Monday, January 27, 2014

Post Grad (2009) [PG-13] **+



Ryden Malby (Alexis Bledel) is an eternal optimist who has just graduated from college and has an interview at a prominent L.A. book publisher. Unfortunately, she doesn't get the job, and she's forced to move back home with her truly dysfunctional family: her father Walter (Michael Keaton) who's a gullible entrepreneur; her mother Carmella (Jane Lynch) who coddles her pre-teen brother Hunter (Bobby Coleman); and her grandmother Maureen (Carol Burnett) who is rude, confrontational, doesn't trust banks and carries around large sums of money.

While Ryden frantically searches for a job, any job that would get her out of the house, her long-time best friend Adam (Zach Gilford) grows weary of declaring his love for her while she continues to ignore him. Meanwhile, she grows increasingly attracted to her older neighbor David (Rodrigo Santoro) who creates TV infomercials and offers her a production assistant job to mask his real intention, which is to seduce her.

Written by novice writer Kelly Fremon, and directed by Vicky Jenson (Shrek, Shark Tale), this film is yet another mildly humorous comedy about a dysfunctional family. The screenplay is totally derivative with many scenes feeling as though they were lifted directly from Parenthood or Georgia Rule. The dialog is uninspired, the story arc is totally predictable, the direction is sloppy and the actors sleepwalk through their performances. The only reason to watch this film is to enjoy Alexis Bledel. Unfortunately, while she was competent as an ensemble cast member in The Sisterhood of the Traveling Pants and its sequel, she's never been asked to open a film, and it's clear that, at 28, she's still not strong enough to carry it off. Even with editing to give Michael Keaton a larger role, the result is disappointing. Only forgiving fans of Alexis Bledel need bother with this bit of mindless fluff; others should pass.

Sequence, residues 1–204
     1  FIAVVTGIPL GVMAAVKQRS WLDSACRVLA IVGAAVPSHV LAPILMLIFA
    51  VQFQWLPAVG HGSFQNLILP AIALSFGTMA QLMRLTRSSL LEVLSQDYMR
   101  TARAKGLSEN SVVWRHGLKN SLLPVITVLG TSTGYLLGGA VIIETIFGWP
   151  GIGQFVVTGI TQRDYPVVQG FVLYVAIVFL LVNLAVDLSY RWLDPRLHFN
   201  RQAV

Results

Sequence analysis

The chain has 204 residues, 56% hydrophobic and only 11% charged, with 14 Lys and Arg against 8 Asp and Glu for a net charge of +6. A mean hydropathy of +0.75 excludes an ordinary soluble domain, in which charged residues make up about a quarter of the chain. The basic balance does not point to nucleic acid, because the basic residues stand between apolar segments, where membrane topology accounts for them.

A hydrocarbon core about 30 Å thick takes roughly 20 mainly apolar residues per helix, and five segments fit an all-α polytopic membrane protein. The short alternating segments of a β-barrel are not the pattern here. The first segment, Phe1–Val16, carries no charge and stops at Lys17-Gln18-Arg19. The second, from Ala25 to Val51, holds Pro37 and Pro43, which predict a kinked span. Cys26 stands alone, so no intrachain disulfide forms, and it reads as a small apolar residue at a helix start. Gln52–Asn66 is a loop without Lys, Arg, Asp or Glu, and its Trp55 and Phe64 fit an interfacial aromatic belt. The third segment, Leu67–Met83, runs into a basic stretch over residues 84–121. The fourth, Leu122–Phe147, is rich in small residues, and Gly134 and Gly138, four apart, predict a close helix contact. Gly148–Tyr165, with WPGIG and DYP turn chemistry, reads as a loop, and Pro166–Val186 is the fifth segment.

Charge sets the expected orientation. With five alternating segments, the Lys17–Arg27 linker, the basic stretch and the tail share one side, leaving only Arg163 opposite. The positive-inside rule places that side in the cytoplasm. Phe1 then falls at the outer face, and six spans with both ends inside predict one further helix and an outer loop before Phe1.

Labels: comedy, romance   
Internet Movie Database  
Metacritic 35/100 
RottenTomatoes Averages (critics=36, viewers=54)   
Blu-ray


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